6 V. MEDICAL BILLING Centinela Freeman Emergency Medical Assn. v. Health Net of Cal., 225 Cal.App.4th 237, review granted July 16, 2014 (S218497) [deciding whether physicians may sue HMOs for negligent delegation of their statutory duty to pay for emergency medical treatment of HMO enrollees] California law requires emergency room physicians to treat patients regardless of their ability to pay. California also imposes on Health Maintenance Organizations (HMOs) an obligation to reimburse physicians for emergency treatment provided to HMO enrollees even when the physicians have no contractual relationship with an HMO. HMOs are also permitted by statute to delegate to independent practice organizations (IPAs) their obligation to reimburse physicians for the cost of emergency medical care provided to the HMO enrollees. In this litigation, emergency room physicians sued an HMO for negligently delegating to a financially troubled IPA the HMO s obligation to pay for emergency services provided to HMO s enrollees. The Superior Court sustained the HMO s demurrer without leave to amend, and the physicians appealed. The Court of Appeal reversed, holding that: (1) a cause of action exists for an HMO s negligent delegation or failure to reassume the obligation to reimburse emergency physicians, who were required by statute to provide emergency care to the HMO members, but (2) the HMO owed no duty to non-emergency radiologists not to delegate its reimbursement obligation. Prior published opinions have reached conflicting results on whether physicians are permitted to sue an HMO for negligently delegating to a financially troubled IPA the HMO s obligation to pay for emergency services provided to HMO s enrollees. (Compare California Emergency Physicians Medical Group v. PacifiCare of California (2003) 111 Cal.App.4th 1127, [finding no negligence cause of action] with Ochs v. PacifiCare of California (2004) 115 Cal.App.4th 782, [finding such a cause of action exists].) The Supreme Court granted review, and will decide the following issues: 1) Does the delegation by a health care service plan (HMO) to an independent physicians association (IPA), under Health and Safety Code section , subdivision (e), of the HMO s responsibility to reimburse emergency medical service providers for emergency care provided to the HMO s enrollees relieve the HMO of the ultimate obligation to pay for emergency medical care provided to its enrollees by non-contracting emergency medical service providers, if the IPA becomes insolvent and is unable to pay? 6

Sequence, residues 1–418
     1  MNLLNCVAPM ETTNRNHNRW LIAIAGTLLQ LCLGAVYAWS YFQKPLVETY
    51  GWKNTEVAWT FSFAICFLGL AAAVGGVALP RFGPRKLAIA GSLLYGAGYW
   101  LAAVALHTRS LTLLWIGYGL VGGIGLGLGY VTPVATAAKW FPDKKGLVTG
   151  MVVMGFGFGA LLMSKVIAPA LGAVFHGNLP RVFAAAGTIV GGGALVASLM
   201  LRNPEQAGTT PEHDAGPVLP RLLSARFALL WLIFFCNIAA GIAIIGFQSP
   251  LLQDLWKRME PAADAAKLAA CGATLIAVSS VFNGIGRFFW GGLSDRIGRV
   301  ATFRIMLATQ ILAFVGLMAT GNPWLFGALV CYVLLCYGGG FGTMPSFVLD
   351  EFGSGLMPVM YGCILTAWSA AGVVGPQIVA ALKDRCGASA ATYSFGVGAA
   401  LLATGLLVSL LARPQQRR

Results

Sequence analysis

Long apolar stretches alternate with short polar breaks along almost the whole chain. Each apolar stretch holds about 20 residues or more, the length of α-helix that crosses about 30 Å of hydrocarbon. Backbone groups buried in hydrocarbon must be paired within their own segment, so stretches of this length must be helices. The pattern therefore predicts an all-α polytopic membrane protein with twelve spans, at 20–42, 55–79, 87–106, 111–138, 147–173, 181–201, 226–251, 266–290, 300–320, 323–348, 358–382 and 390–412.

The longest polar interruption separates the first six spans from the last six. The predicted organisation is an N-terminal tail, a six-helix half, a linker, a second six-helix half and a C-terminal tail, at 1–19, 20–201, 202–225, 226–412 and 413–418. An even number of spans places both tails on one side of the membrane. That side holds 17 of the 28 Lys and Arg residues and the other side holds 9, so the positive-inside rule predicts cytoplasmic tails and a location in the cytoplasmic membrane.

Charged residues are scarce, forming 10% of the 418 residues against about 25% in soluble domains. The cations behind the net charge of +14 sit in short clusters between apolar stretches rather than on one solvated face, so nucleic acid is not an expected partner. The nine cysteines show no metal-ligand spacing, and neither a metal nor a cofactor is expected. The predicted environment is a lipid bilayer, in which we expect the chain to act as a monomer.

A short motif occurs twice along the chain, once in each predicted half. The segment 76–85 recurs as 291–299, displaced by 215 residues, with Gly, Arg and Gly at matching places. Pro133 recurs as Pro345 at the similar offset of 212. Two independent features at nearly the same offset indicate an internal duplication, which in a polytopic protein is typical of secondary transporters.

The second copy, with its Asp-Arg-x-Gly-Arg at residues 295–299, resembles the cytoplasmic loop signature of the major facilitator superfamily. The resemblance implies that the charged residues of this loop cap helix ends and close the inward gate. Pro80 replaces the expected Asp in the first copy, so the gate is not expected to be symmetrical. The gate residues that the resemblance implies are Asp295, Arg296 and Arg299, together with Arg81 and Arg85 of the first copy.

7 2) Does an HMO have a duty to emergency medical service providers to protect them from financial harm resulting from the insolvency of an IPA which is otherwise financially responsible for the emergency medical care provided to its enrollees? Sarun v. Dignity Health (2014) 232 Cal.App.4th 1159 [uninsured patient has standing to sue hospital for charging allegedly excessive rates without first seeking discounts or financial assistance covering the allegedly excessive amount] An uninsured patient signed an agreement to pay the full charges for emergency healthcare services provided by Northridge Hospital (a Dignity facility). The agreement explained that uninsured patients may qualify for government aid or financial assistance from Dignity. Dignity later sent the patient an invoice for more than $23,000 that included an uninsured discount. The invoice provided a phone number to call for assistance in determining eligibility for financial aid. Without seeking any other discounts or financial assistance, the patient filed an unfaircompetition class action alleging that Dignity had violated the UCL and CLRA by failing to disclose that uninsured patients must pay more than other patients for the same services and by charging amounts that exceeded the reasonable value of the services. Dignity demurred, arguing (among other points) that the patient had conceded he would be willing to pay $3,000, and that until he applied for financial assistance it was speculative whether he would ever need to pay more. The trial court agreed that the patient had not adequately alleged an actual injury and sustained the demurrer. The Court of Appeal reversed. The court held that the patient had properly alleged an injury because, upon receipt of the invoice, the patient was either obliged to pay the full sum, or would be burdened with applying for financial assistance in an effort to eliminate that payment obligation. The argument advanced by Dignity would, according to the court, be akin to requiring a patient to mitigate his damages as a precondition to filing suit a result at odds with analogous California Supreme Court precedent. The Court of Appeal remanded to allow the trial court to consider Dignity s other demurrer arguments in the first instance. Cal. Ins. Guarantee Assn. v. Workers Comp. Appeals Board (2014) 232 Cal.App.4th 543 [Court of Appeal upholds Workers Compensation Appeals Board s determination of reasonable fees for surgical procedures] When several surgical centers increased their fees for certain outpatient services provided to injured workers, CIGA and other employers insurers disputed the increase and paid only the amounts they believed were appropriate for the services performed. 7